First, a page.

Simple Tricks To Boost Your Child's Maths

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Key Stage 2 Maths By: Please log in to see tutor details
Subject: Maths » Key Stage 2 Maths
Last updated: 11/04/2018
Tags: ,tips for maths problems, 11+ maths, 11+ maths help, ks2 maths

I once read that learning maths was like learning to ride a bicycle. Even if you haven't quite managed to get off the stabilisers, the teacher will still end up taking away the bike and offering you a unicycle to move onto. 

Tutoring can be hugely beneficial to those children who find themselves getting left behind in the classroom, and good tutors will be able to reinforce what's being taught at school, correct any misunderstandings and hopefully help their pupils feel more confident in maths lessons. However, tutoring isn't always necessary. Here are some ways in which parents can parents can support their children's maths without relying on outside help.

1) Teach them division (as well as multiplication) tables
Everyone knows that times tables are important, but it's rarely mentioned that learning division facts are just as important. Children need to be able to look at 56 and instinctively know that 7 and 8 are involved, or even at 57 and know that it's a combination of 27 and 30 and so must be divisible by 3. 

Printing off (free) worksheets from http://www.math-aids.com/Division/ can solve this problem. One sheet a day for two weeks and your child will find maths far, far easier, simply because they will start to see the clues behind the numbers.

2) Turn them into administrators
It can be frustrating to be a maths tutor and to see a pupil struggling with a very basic question about adding up the prices of pieces of fruit, or having to manage a timetable. But of course, these are things that adults do on a regular basis, and that children very rarely do. The solution is to give children more responsibility. Next time you go to the supermarket, tell your child the budget, and let them choose what you buy based on how much it costs (within reason, obviously!). Make them organise their morning schedule and give them a watch so that they can monitor it. Make maths part of their day, not just part of their lessons.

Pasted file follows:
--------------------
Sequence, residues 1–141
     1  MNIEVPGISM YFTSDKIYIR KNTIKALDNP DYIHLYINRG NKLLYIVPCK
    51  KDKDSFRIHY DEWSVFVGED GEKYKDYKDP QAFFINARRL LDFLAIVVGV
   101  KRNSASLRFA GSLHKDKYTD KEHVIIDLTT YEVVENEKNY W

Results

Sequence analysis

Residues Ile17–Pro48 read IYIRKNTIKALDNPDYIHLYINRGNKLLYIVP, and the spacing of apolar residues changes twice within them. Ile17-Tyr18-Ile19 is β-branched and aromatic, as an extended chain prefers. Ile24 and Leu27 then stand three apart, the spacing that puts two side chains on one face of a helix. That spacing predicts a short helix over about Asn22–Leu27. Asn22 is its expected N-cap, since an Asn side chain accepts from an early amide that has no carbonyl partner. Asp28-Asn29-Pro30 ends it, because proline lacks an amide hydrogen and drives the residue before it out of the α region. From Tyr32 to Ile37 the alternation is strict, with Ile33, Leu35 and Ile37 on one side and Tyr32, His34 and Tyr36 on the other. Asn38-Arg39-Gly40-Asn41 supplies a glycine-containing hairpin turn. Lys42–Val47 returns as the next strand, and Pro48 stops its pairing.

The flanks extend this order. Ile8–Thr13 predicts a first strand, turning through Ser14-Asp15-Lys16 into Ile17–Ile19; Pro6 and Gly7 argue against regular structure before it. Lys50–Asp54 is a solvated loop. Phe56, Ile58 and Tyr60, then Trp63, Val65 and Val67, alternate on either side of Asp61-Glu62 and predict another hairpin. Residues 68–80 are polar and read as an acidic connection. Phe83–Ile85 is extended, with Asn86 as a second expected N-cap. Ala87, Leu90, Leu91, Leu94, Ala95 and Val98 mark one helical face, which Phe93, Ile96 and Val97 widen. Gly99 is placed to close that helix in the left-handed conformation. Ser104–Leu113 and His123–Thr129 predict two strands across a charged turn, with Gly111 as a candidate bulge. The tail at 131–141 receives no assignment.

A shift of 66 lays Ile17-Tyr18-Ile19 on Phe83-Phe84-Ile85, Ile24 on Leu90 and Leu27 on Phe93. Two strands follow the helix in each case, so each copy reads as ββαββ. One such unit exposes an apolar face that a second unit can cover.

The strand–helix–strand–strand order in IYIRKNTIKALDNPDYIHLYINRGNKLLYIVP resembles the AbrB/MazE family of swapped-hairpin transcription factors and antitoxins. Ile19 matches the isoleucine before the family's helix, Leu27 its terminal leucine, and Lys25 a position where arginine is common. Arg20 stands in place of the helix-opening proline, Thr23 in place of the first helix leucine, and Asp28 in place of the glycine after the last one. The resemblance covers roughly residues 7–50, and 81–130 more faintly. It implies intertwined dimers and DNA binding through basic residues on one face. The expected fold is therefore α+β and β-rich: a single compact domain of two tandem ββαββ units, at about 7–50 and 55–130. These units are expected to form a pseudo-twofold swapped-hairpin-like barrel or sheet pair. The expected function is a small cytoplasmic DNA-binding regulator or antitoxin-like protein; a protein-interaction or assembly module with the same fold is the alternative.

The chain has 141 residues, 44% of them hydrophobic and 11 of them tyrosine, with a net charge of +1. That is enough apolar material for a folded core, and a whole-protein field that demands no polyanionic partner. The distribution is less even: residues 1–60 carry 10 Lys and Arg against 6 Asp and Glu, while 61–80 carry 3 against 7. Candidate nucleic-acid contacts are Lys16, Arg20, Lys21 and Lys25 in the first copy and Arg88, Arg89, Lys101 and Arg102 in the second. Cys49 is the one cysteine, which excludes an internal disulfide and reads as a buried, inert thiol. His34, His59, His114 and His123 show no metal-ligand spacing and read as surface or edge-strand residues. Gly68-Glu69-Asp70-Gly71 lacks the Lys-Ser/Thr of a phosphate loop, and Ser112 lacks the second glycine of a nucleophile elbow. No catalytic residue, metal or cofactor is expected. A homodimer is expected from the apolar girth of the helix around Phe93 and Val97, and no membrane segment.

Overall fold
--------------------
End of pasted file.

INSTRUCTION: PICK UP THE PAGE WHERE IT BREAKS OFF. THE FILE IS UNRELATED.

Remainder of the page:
3) Play Scrabble with them
Scrabble isn't just about words - it's also about mental arithmetic and working out what combination of letters will produce the most points. So play Scrabble with your kids. 

4) Give them an abacus - and show them how to use it
The number 10 is one of the most confusing numbers in the English language. It shouldn't be 'ten' - which makes it seem like it's just one thing, but would be better describes as 'ten-nothing'. Eleven is perhaps even worse - it should be 'ten-one'. The same goes for twelve. It's only at 13 that we start to see some sense, but even then it should be 'three-ten' but it's clearly been mangled over the past 800 years of English-speaking. The French are more sensible, but they only start to be sensible at 17 - dix-sept, or literally 'ten-seven'. 

The point is that 10 is two columns, containing one item on the left and nothing on the right, and this is deeply confusing for children. The solution is to use an abacus, and to have one around whenever possible. Abacuses visualise the relationship between base-10 columns, and so help children understand how numbers work far more instinctively. Make an abacus a part of your child's maths setup.


Raphael Hetherington Computer Programming (general) Tutor (North London)

About The Author

I am a Cambridge University graduate with 7 years' experience tutoring pupils of ages 7 to 16. I offer lessons in KS3 and 11+ maths, as well as programming (Python and Web Development (HTML, CSS and Javascript)) in face-to-face and online lessons.




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